To calculate the number of redundancy bits (r) required to correct a given number of data bits (m) we must find a relationship between m and r.
If the total number of bits in a transmittable unit is m+r then r must be able to indicate at least m+r+1 different state. Of these, one state means no error and m+r states indicate the location of an error in each of the m+r positions.
So m+r+1 state must be discoverable by r bits. And r bits can indicate 2r different states. Therefore, 2rmust be equal to or greater than m+r+1;
The hamming code can be applied to data units of any length and uses the relationship between data and redundancy bits.
Positions of redundancy bits in hamming code
The combinations used to calculate each of the four r values for a seven bit data sequence are as follows:
r2 : 2,3,6,7,10,11
r3 : 4,5,6,7
r4 : 8,9,10,11
Here, r1 bit is calculated using all bit positions whose binary representation includes a 1 in the rightmost position (0001, 0011, 0101, 0111, 1001, and 1011). The r2 bit is calculated using all bit positions with a 1 in the second position (0010, 0011, 0110, 0111, 1010 and 1011), and for r3 1 at third bit position (0100, 0101, 0110 and 0111) for r4 1 at fourth bit position (1000, 1001, 1010 and 1011).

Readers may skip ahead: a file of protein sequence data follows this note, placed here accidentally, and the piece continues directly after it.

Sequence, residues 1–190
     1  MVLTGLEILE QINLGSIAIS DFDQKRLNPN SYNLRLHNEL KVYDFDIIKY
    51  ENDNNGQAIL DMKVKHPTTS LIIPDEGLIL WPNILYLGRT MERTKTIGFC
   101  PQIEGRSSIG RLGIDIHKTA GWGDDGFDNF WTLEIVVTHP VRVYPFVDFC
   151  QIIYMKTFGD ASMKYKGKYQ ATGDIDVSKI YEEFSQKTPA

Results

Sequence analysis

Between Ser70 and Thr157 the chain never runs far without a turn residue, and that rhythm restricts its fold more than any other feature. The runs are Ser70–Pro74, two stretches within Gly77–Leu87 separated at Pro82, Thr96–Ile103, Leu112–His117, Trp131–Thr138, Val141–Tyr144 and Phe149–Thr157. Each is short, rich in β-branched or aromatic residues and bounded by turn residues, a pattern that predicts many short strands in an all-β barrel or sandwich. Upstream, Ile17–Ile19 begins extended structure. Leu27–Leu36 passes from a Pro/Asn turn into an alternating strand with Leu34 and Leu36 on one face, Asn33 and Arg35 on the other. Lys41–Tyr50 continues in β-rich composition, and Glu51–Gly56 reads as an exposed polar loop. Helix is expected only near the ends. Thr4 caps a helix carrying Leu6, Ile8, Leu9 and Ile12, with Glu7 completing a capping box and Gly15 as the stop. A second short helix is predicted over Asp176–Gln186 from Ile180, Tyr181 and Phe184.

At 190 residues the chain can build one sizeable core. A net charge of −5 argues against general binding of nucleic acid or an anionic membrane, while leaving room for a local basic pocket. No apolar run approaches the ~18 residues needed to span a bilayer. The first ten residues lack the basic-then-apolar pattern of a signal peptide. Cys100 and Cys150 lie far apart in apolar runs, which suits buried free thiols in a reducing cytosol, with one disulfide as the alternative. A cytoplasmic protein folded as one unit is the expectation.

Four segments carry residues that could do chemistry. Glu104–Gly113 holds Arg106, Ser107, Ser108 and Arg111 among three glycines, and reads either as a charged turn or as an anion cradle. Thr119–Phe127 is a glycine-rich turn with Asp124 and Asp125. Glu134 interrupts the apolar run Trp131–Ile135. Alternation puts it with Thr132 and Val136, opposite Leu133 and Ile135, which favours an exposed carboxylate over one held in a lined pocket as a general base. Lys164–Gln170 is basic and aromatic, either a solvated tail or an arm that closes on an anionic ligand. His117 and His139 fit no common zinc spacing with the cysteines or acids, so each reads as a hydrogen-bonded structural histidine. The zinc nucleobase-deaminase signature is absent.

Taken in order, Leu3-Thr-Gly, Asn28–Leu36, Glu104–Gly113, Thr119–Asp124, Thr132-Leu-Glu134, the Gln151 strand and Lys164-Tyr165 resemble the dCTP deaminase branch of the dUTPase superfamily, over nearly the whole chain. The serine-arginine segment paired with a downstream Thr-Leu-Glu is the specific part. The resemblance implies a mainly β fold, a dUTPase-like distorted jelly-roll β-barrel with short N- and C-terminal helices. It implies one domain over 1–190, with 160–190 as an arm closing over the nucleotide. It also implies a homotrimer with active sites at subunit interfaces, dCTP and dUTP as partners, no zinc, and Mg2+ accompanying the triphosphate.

Calculating the r Values:
In the first step, we place each bit of the original character in its appropriate positions in the 11 bit unit. Then, we calculate the even parities for the various bit combinations. The parity value of each combination is the value of the corresponding r bit. For example r1 is calculated to provide even parity for a combination of bits 3, 5, 7, 9, 11.
Error Detection and Correction:
At the sender:
Data to be sent: 1001101
Redundancy bit calculation:
Data sent with redundancy bits: 10011100101
At the receiver:
The receiver takes the transmission and recalculates four new r values using the same set of bits used by the sender plus the relevant parity (r) bit for each set. Then it assembles the new parity values into a binary number in order of r position (r8, r4, r2, r1).
Once the bit is identified, the receiver can reverse its value and correct the error.
Burst Bit Error Correction:
A hamming code can be designed to correct burst errors of certain length. The number of redundancy bits required to make these corrections, however, is dramatically higher than that required for single bit errors. To correct double bit errors, for example, we must take into consideration that the two bits can be a combination of any two bits in the entire sequence. Three bit correction means any three bits in the entire sequence and so on.